The author eloquently argues for a return to our understanding of how Freudian psychoanalysis works unconscious to unconscious. Failure to follow Freud's basic assumptions about psychoanalytical listening has resulted in the abandonment of searching for the 'the logic of sequence' which Freud regarded as the primary way we express unconscious thinking. In two extensive interviews and follow-up essays, all occurring in 2006, we follow the author exploring his most recent and radical challenge to contemporary psychoanalysis. The Freudian Moment, the author argues, realizes a phylogenetic preconception that has existed for tens of thousands of years. The invention of psychoanalysis realizes this preconception and institutes a profound step forward in human relations. The author's proposal that we use the image of the symphonic score to better imagine unconscious articulation opens up a new conceptual way for grasping the complexity of unconscious thought.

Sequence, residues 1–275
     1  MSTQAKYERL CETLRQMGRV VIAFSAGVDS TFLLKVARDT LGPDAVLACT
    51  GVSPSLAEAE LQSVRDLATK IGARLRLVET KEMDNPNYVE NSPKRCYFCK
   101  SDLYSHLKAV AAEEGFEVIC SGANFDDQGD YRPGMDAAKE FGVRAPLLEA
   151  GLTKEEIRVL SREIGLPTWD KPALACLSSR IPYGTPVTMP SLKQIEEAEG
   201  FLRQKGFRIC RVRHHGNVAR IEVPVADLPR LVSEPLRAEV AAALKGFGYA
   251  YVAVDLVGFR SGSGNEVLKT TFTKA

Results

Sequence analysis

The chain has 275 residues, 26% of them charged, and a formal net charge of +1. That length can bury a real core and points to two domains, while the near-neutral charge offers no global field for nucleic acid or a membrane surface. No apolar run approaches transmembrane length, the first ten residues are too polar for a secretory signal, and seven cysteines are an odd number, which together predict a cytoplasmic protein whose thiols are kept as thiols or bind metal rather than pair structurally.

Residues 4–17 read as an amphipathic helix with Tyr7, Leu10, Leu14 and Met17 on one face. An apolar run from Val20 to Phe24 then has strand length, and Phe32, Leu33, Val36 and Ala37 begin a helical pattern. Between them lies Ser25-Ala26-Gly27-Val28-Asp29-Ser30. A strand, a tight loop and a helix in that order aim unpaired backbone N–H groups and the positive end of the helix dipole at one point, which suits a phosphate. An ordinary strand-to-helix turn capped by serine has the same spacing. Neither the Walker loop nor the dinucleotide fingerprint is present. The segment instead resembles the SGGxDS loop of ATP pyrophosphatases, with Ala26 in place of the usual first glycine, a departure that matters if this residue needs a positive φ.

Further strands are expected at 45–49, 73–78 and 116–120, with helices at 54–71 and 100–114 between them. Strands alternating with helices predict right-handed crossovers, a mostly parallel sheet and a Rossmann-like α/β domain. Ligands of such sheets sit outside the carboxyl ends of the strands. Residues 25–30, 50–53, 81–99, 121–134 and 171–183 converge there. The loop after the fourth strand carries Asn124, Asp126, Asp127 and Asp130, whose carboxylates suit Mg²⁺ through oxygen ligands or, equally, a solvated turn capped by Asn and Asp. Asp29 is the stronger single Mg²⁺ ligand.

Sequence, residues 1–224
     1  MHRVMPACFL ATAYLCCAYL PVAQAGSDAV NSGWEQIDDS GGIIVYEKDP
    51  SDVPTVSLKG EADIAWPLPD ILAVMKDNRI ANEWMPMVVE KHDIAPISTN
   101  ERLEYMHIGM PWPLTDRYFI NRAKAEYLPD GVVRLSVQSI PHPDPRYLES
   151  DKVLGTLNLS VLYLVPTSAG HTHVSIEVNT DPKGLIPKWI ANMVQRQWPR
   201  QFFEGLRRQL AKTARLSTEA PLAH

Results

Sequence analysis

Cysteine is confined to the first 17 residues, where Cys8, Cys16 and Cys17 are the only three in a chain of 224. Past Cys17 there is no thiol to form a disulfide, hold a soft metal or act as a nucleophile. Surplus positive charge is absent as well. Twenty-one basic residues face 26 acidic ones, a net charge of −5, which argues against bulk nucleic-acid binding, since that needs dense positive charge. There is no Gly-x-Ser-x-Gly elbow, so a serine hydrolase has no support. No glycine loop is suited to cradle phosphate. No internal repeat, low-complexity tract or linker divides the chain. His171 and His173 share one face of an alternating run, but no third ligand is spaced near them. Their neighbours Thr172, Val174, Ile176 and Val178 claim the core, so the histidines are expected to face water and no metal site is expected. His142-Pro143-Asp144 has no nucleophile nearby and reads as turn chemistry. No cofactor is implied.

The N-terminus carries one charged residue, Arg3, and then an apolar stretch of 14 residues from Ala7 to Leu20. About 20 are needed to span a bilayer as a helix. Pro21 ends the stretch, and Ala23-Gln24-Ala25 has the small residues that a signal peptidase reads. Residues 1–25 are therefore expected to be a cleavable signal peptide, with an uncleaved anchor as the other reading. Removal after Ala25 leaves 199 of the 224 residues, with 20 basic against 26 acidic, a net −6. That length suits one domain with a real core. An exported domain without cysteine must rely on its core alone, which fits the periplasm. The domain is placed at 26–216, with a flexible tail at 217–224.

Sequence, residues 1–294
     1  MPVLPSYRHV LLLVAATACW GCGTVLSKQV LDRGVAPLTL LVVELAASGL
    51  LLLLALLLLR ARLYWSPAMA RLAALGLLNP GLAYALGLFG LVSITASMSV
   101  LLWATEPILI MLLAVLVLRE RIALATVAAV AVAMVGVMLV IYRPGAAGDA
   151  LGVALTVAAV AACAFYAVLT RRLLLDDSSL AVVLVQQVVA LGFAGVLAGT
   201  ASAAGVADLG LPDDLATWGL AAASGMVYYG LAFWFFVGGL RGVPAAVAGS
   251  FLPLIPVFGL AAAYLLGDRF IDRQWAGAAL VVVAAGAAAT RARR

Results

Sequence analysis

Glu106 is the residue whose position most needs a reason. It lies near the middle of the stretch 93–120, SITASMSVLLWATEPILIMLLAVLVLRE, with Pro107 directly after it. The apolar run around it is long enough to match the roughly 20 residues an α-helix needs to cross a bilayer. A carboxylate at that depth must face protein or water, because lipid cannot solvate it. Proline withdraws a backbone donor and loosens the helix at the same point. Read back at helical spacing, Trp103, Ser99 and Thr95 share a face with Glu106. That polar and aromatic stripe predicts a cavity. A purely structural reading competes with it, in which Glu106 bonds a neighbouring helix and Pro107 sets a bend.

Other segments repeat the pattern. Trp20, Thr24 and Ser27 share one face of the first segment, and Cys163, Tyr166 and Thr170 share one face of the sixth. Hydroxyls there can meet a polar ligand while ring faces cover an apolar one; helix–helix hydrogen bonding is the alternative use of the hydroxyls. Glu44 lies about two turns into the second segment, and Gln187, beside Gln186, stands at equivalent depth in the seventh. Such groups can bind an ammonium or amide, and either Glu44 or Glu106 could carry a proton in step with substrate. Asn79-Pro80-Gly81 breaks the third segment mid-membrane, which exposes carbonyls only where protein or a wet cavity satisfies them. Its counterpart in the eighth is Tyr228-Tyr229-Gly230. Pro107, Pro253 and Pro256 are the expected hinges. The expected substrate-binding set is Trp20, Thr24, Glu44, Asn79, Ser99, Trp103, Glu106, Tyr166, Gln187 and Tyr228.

chapter One|32 pages

Psychic transformations

chapter Two|31 pages

Articulations of the unconscious

chapter Three|5 pages

Perceptive identification

chapter Four|13 pages

What is theory?